True to his kind and diligent approach to introducing me to Korean culture, after learning about my love of heat, Sunny took me to the most traditional of this country’s saunas.  Made from a series of round cob huts, an end hut is the furnace, and the connected sauna huts vary in heat according to their proximity to it. Only oak is burnt, and the heat is said to be endowed with the properties of that tree, fighting illness and giving strength.

These particular huts were situated in a covered courtyard of open fires and benches to rest on. While I was there they began to clear the furnace hut of the burning embers with a very long shovel: a day after it is  cleared completely it provides the brave with an extreme heat experience, while the hut at the other end of the row becomes the new furnace.

Similar to other ‘jimjilbangs’, people often go to this kind of sauna for the day. They take sweet potatoes to roast on the outside fires and a bag of satsumers to keep vitamin C levels high, and offer to strange, ‘high-nosed’ western girls who look bemused when asked simple questions. Around the furnace hut people face towards the opening, sat on small wooden stalls or stood behind those sitting, gazing hypnotically into the golden red world.  Inside the sauna huts people sit close together in a circle, all sporting the compulsory orange pyjamas and looking a little like a gang of Guantamano Bay escapees hiding in a cave.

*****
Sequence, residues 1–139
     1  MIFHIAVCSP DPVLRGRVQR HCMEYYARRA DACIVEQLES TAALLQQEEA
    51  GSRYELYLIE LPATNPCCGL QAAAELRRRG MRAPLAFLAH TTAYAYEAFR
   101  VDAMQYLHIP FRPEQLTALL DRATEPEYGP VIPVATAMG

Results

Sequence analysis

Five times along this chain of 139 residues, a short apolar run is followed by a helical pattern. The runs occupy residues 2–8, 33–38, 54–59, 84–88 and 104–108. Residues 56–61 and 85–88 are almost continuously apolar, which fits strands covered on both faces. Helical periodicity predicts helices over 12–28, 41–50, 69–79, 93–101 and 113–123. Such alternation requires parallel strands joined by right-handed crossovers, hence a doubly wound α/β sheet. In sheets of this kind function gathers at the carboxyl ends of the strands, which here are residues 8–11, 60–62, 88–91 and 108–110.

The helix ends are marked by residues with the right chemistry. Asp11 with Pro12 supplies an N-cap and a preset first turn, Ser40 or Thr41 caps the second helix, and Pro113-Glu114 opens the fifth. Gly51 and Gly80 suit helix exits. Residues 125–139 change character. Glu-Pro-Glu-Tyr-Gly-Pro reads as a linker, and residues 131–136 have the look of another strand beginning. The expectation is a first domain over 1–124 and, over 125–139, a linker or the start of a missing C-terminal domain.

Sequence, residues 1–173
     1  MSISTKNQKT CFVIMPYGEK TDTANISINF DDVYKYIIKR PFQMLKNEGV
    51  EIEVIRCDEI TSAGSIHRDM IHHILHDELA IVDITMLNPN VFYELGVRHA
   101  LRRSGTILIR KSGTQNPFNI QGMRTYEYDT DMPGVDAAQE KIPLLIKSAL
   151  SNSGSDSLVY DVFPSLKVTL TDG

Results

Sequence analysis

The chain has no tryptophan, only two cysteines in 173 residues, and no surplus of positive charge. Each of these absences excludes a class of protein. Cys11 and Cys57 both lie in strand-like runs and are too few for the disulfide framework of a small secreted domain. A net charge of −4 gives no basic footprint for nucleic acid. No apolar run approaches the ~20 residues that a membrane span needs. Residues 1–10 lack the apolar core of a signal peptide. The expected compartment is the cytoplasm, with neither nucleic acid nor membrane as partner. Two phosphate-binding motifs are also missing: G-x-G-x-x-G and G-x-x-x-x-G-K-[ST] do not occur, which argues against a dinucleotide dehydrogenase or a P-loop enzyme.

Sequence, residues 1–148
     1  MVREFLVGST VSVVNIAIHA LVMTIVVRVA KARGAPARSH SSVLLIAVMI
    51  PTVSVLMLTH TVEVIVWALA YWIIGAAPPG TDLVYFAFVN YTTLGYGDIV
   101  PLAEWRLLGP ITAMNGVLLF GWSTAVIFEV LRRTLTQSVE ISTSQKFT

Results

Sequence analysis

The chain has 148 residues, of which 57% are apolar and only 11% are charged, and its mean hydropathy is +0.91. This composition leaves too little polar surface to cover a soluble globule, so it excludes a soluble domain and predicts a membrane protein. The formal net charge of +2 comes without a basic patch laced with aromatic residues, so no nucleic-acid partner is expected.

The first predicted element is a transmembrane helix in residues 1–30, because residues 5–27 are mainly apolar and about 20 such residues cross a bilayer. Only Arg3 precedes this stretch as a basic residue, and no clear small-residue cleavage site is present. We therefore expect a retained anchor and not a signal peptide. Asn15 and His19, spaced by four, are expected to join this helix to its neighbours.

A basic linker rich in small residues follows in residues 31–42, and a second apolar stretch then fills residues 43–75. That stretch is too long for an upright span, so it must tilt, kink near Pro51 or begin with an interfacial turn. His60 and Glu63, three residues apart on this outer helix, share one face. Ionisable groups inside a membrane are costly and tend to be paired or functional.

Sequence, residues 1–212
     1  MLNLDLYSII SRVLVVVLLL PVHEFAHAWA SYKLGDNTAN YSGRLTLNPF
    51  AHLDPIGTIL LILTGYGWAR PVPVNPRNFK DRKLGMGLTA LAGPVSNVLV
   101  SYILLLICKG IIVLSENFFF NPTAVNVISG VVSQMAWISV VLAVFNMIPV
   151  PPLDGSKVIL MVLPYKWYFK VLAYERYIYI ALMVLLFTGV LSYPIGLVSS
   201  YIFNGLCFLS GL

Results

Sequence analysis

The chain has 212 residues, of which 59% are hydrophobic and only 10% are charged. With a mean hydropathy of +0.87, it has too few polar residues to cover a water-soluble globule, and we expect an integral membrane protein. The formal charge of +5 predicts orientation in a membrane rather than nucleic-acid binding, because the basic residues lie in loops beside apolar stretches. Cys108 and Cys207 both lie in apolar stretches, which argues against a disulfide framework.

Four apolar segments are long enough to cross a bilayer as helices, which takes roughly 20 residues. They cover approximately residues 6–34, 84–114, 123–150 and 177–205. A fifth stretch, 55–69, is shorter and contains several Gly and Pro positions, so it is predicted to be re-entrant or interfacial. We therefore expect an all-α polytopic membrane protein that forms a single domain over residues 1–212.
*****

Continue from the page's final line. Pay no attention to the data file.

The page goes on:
It was this detail that helped me reach a definition of what a jimjilbang actually is… You see, the word is bandied around rather a lot, and what with bathhouses, various kinds of saunas (including the male-orientated “sex saunas”), and the post-bath relaxation areas, exact definition eluded me for a while.  It also fell under that category of question that evokes only the vaguest of answers from Korean friends.  For now I have reached the conclusion that, in translation, ‘jimjilbang’ means: ‘the location of an enjoyably mellow, pyjama-themed gathering for people of all ages, usually involving heat and food.’